My basic checklist:
- Who required the records to be created?
- How long does that agency hold them?
- Which records survive?
- When records are past their keep date, are they turned over to an archive? If so, which one?
- What collections are available online?
- What information can you expect to find in the collection?
For background information on the history of elections in Canada see: Elections Canada (answering point #1)
For what collections survive: Library and Archives Canada's Genealogy and Family History Page on Voter Lists. Here's the catalog for the microfilm numbers for 1957.
Note also they say:
If you are looking for someone who lived in a city, search
city directories instead of voters lists because the names of individuals
are listed alphabetically.
The Toronto Public Library's Guide to Ontario Genealogy has a link to city directories at the Internet Archive.
But back to voter rolls. Ancestry.ca has 1957 and it has been indexed:
Ancestry.com. Canada, Voters Lists, 1935-1980 [database on-line].
Provo, UT, USA: Ancestry.com Operations, Inc., 2012. Original data:
Voters Lists, Federal Elections, 1935–1980. R1003-6-3-E (RG113-B).
Library and Archives Canada, Ottawa, Ontario, Canada.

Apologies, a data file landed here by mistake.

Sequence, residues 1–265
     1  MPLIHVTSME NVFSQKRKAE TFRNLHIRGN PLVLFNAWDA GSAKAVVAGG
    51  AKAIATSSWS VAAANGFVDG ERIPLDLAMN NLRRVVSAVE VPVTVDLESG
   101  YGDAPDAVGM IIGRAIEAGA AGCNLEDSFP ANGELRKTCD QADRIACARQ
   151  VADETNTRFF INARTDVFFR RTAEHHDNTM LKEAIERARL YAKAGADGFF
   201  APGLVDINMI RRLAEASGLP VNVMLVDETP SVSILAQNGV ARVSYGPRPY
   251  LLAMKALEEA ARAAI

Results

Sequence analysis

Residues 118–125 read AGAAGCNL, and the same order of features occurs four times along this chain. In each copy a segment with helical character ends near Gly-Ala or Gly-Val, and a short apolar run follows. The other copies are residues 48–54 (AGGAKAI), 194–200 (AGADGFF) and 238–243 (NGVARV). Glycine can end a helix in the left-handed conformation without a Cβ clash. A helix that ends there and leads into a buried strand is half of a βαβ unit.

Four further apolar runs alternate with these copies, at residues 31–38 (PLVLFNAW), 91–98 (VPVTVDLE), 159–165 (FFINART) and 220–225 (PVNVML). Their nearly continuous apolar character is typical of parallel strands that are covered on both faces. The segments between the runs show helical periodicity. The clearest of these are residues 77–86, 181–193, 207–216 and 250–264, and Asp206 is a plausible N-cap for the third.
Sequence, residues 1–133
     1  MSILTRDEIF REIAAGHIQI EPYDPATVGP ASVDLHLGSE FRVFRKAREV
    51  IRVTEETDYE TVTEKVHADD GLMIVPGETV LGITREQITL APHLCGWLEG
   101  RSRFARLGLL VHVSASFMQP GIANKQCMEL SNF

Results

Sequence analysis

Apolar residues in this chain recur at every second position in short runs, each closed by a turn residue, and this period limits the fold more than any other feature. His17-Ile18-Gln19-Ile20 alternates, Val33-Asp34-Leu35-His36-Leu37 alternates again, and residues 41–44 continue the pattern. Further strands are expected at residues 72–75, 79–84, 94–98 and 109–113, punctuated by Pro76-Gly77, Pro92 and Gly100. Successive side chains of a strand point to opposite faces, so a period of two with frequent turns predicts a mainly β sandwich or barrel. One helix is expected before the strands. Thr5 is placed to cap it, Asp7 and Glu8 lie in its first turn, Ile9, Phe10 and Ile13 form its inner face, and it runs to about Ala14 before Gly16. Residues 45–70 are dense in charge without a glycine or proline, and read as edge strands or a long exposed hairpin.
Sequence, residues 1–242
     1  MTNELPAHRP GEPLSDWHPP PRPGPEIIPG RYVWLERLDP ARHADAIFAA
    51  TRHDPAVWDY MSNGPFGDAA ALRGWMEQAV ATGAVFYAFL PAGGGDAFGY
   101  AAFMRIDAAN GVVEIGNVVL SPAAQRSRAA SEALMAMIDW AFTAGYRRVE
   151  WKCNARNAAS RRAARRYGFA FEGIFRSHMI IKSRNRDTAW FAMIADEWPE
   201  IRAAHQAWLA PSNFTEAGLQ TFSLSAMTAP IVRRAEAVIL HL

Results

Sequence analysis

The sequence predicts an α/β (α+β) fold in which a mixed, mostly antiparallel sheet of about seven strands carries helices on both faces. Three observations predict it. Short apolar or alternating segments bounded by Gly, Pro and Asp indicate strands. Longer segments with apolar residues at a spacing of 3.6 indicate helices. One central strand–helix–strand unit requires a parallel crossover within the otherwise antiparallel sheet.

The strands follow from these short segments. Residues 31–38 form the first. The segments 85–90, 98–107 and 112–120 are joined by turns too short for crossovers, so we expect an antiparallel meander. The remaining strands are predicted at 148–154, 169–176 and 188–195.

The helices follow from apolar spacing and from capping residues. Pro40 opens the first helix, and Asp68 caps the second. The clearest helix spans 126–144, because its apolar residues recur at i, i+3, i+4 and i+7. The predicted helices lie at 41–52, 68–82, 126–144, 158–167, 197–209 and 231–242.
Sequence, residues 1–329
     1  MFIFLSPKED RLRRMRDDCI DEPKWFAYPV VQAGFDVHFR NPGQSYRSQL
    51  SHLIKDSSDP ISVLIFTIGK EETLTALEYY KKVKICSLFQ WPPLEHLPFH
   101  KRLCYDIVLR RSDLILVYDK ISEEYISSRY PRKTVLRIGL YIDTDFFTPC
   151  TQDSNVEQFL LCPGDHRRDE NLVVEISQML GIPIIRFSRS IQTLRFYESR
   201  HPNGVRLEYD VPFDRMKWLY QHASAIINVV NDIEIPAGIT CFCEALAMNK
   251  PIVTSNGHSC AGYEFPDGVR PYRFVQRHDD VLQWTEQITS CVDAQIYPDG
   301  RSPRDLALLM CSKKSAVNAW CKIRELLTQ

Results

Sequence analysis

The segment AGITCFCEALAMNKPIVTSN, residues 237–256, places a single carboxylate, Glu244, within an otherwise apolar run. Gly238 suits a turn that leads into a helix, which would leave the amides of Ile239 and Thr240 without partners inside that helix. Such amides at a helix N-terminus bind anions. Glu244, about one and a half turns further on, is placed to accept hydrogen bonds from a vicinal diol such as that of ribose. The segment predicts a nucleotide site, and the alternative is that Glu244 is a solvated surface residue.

This blog post gives an overview of what you can expect to find: Why Canadian Voter's Lists Can Further Your Research
The FamilySearch wiki's list of Ontario records has a link back to the collection on Ancestry. I checked World Vital Records, but I didn't see any voter rolls for Ontario in their Census and Voter List catalog. It's not as easy to see what FindMyPast holds, but my very quick search seemed to indicate that the only Canadian electoral rolls they have are from 1952; without logging in, I couldn't see what provinces were covered.
Unfortunately, the Canadian Voter Lists are not part of the New Year's package of free collections that are searchable this weekend. The Toronto Public Library has some voter lists that can be viewed in-branch at the North York Central Library, but their collection doesn't cover 1957:
Ontario voters’ lists (incomplete 1847 – 1954 for various townships)
So the only thing I've been able to find online so far is the one digitized collection on Ancestry.
One good way of keeping up with what new collections are coming online is the online magazine Genealogy In Time -- here is their list for Most Recent Genealogy Collections in Canada.